There could never have been another continent in the Atlantic Ocean because as the continents drew apart, the spreading sea floor was progressively covered by water, thus ruling out the possibility of a continent sized landmass existing in the remote past.

Lost Civilisations

Is it possible that an advanced civilisation could have existed 11,500 years ago in a location other than a mid-Atlantic continent? Given what we know of ancient civilisations, it seems unlikely. Firstly, there is a link between the development of agriculture and the emergence of highly urbanised cultures:

"One of the most significant aspects of the origins of agriculture is that the correspondence between agriculture and the towns, cities, and other cultural elaborations we call civilisation is absolute. All civilisations have been based on the cultivation of one or more of just six plant species: wheat, barley, millet, rice, maize and potatoes." (R. J. Wenke: Patterns in Prehistory, page 266)

The problem is that 11,500 years ago, the major plant crops – the foundations of civilisation – were not even domesticated: emmer wheat and barley in Palestine, c. 10,600 years ago; rice in Indochina, c. 9,500 years ago; bulrush millet in Southern Algeria, c. 8000 years ago; potatoes in Peru c. (?) 10,000 years ago, and maize in Mexico, c. 7,700 years ago.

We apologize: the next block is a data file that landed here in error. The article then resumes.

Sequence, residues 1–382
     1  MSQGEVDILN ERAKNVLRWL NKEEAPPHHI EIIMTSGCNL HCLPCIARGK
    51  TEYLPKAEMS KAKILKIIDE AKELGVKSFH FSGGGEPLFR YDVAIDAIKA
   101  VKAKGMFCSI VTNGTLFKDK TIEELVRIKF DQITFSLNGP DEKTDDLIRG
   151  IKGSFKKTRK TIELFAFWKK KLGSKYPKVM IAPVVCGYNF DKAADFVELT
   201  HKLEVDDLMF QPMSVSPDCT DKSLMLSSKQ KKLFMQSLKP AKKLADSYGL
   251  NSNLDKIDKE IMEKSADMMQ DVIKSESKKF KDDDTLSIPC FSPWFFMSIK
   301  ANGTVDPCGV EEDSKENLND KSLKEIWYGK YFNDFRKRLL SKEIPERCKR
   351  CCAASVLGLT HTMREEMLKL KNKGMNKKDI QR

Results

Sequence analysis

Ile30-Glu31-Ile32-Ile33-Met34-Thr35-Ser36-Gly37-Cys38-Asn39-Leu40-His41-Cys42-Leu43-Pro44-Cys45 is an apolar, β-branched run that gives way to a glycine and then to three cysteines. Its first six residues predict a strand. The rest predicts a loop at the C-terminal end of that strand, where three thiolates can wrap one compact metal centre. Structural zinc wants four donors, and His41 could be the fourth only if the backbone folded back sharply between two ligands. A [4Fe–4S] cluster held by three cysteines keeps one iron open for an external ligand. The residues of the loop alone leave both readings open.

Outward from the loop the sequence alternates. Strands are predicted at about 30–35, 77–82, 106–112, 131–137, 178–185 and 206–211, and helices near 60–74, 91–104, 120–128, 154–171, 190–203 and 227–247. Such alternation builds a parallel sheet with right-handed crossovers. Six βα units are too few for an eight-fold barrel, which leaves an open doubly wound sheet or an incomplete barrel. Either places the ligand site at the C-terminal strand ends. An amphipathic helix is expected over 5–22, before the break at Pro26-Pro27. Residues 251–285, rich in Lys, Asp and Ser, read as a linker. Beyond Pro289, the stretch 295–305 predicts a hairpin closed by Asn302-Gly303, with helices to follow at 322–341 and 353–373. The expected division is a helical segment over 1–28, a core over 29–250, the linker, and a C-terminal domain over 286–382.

Secondly, the first record we have of a town – Jericho – dates from 10,600 years ago. Indeed, predominantly urbanised societies did not emerge until c. 6000 years ago – Uruk (population 7000), Nippur (pop. 5000) and Adab (pop. 5000) In Mesoamerica, civilisation developed much later – Ohmec, the earliest, flourished between c. 1,200 - 900 BC.

There is no evidence in the archaeological record for a highly advanced civilisation circa 11,500 years ago and, considering that the Atlantean Empire was, according to Plato, rather extensive, it is surprising that we find no trace of this culture or its influence on other ancient civilisations. Indeed, the evidence to date indicates that civilisation arose independently in a number of different places:

"The first civilisation happened in Mesopotamia, and that an independent process of synoecism [urbanisation] occurred in Egypt and the Indus Valley, both stimulated from Sumer. China was a more difficult problem, but it does seem to be an example of the independent invention of agriculture and the independent invention of civilisation, although there was contact and borrowing from the West ... the early American civilisations came into existence by their own process of synoecism." (G. Daniel: The First Civilisations, page 189.)